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September 24, 2009

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Guidance- children’s play provision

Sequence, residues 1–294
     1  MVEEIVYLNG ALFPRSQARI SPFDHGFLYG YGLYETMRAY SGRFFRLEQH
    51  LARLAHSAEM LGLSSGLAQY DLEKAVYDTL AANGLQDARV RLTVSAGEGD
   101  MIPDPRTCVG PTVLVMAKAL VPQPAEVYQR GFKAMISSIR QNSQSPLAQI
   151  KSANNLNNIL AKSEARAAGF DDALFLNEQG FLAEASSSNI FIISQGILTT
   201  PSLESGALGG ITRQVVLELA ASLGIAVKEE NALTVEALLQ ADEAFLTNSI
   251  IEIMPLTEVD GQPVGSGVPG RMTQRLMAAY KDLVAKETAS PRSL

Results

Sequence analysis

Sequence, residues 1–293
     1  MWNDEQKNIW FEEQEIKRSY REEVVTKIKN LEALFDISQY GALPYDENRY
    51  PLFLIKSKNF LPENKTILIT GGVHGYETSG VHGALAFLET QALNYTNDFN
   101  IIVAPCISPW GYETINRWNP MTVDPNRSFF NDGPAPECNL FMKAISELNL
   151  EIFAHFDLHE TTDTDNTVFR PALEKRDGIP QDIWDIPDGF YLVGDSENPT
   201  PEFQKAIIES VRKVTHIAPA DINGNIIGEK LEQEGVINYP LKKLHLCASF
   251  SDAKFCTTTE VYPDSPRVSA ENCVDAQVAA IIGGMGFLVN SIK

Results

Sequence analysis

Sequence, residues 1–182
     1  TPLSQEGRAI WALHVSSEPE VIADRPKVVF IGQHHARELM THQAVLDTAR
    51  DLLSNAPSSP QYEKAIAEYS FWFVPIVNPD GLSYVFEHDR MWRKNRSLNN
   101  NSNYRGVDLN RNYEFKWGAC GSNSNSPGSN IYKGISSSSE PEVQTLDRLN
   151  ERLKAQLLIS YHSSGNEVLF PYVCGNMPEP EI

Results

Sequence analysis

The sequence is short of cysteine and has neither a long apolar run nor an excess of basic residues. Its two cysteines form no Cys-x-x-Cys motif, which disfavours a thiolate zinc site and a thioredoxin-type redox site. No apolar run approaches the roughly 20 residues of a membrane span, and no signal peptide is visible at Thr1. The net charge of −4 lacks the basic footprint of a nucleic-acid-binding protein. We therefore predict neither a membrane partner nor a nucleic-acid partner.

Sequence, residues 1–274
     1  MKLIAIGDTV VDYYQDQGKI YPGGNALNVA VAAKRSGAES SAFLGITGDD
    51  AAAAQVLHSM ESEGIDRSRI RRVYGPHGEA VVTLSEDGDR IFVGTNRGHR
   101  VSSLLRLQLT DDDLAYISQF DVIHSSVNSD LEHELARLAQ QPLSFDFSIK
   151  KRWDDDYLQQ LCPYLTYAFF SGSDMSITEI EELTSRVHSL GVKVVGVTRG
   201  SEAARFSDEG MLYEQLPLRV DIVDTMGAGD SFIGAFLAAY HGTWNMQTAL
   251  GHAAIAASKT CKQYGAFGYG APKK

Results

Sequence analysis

Managing risk in play provision: an implementation guide was commissioned by the Play Safety Forum – a grouping of national agencies involved in play safety – and is published by Play England, with the support of the Department for Media, Culture and Sport. The guide is aimed at those responsible for managing play provision, but it should also be useful for those who manage other spaces and settings in which children play, such as school playgrounds, parks, open spaces, civic spaces, adventure playgrounds, wheeled sports facilities, and sports and leisure services.The guide is in three parts. Part 1 sets out the context and gives the background and reasons behind the approach taken. Part 2 gives practical advice and guidance on how this approach can be put into practice, while Part 3 looks at policy issues. Play providers are legally required to carry out a suitable and sufficient risk assessment of their provision, and the guide outlines a ‘risk-benefit assessment’ approach, which is essentially an assessment of the benefits and risks of the activity, with a focus on the hazards that are likely to cause real harm. The guide’s aim is to not create a totally risk-free environment but to ensure that duty-holders identify, log and action all reasonable precautions to avoid injury. It contains practical examples – both real and hypothetical – of risk-benefit assessments, such as Thurrock Council’s approach to fencing play areas, and ‘Cutsyke Play Forest’ – a play space in West Yorkshire where non-conforming structures have been installed.The guide is clear that the risk-benefit assessment process should enable duty-holders to provide a sound and reasonable defence against claims: “Providers who follow the approach set out here should be able to mount a sound and reasonable defence against liability claims and prosecutions, and hence defend their organisation’s assets and reputation.”It is available to download at

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